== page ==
Oman protesters seek prosecution of those behind killings

MUSCAT Wed Apr 6, 2011 5:44am EDT

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MUSCAT (Reuters) - Omani protesters asked the public prosecutor on Wednesday to charge members of the security forces responsible for killing two demonstrators in separate clashes in the northeast industrial city of Sohar.

One protester died and eight were wounded when security forces opened fire into a crowd of stone-throwing protesters on Friday, three days after police cleared them from their base at two roundabouts.

Security forces also arrested up to 60 people, some as young as 17, and chief prosecutor Hussain Al Hilali said that they would appear in court charged with violent misconduct.

On February 27, security forces opened fire on protesters in Sohar and killed a 38-year-old businessman.

"If the chief prosecutor can be bold enough to bring charges against the detained protesters, then he should have the fairness to bring charges against members of the security forces who killed the two demonstrators," Salim Al Amri, one of the protesters demonstrating at a sit-in outside the Shura Council's headquarters in Muscat, told Reuters.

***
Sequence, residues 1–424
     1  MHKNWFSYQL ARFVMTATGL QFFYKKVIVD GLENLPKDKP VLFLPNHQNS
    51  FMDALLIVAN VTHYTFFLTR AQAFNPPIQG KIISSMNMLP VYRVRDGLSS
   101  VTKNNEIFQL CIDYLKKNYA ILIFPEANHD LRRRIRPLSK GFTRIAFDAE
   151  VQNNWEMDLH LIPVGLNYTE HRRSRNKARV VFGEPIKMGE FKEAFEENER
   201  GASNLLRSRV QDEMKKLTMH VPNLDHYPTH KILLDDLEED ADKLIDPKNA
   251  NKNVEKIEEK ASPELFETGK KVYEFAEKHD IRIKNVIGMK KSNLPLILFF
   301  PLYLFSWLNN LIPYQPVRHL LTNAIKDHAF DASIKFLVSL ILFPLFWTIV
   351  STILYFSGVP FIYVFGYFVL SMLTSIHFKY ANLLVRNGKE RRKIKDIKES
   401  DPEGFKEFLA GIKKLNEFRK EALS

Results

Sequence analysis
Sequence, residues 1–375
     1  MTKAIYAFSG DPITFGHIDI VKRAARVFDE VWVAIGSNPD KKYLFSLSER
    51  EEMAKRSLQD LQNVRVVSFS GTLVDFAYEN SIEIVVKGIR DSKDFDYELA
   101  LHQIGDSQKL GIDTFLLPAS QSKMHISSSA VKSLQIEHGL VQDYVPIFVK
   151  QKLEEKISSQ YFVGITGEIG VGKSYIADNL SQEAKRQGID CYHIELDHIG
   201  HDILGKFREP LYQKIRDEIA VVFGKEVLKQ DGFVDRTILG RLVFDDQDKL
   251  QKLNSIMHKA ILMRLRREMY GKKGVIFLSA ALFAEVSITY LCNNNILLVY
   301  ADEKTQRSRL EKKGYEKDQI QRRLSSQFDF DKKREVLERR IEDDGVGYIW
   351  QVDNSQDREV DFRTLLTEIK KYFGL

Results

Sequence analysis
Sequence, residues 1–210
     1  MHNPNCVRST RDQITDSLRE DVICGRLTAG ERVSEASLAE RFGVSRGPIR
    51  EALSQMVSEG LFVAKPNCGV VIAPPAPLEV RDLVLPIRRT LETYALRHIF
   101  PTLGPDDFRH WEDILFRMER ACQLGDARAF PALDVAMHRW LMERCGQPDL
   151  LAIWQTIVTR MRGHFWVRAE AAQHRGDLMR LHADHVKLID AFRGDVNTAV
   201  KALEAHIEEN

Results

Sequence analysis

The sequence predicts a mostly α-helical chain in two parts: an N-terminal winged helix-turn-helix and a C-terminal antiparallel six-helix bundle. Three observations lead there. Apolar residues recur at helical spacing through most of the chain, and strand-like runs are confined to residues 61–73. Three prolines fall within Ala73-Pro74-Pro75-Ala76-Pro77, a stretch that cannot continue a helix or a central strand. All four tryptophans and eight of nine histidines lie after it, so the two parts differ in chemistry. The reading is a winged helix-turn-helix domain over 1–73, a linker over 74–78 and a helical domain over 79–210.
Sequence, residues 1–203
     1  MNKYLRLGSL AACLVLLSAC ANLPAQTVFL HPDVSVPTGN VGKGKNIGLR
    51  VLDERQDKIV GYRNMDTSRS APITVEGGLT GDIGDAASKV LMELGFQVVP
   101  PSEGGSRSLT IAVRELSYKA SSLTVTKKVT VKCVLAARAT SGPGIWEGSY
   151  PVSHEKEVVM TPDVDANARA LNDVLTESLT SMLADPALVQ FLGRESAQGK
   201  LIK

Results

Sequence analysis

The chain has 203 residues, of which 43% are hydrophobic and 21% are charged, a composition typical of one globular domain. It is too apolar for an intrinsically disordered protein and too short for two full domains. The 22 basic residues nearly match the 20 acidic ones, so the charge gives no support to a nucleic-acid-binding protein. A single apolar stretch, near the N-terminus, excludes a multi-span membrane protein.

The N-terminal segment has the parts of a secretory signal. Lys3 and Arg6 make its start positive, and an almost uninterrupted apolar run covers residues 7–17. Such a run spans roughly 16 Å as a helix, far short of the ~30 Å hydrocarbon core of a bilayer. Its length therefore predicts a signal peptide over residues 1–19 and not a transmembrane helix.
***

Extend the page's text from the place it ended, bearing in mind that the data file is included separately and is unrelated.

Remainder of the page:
"We want the government to name the members of the security forces who killed these two protesters. They should not be protected," Khalaf Al Saadi, another protester, said.

Protests in Oman, which follow unrest elsewhere in the region, have focused on demands for better wages, jobs and an end to corruption. Many protesters have demanded that the government prosecute sacked ministers for corruption.

Sultan Qaboos bin Said, who has ruled for 40 years, has embarked on a series of reforms since the protests started six weeks ago.

He sacked 12 ministers and replaced five of them with members of the Shura Council, an elected part of parliament with few powers that many protesters see as a legitimate assembly that should form the entire cabinet.

The Sultan also ordered a grant of 150 rials ($375) unemployment benefit to the jobless. He raised civil service pay and pensions of government employees and doubled social security allowances.

(Reporting by Saleh Al-Shaibany; Editing by Nick Macfie)

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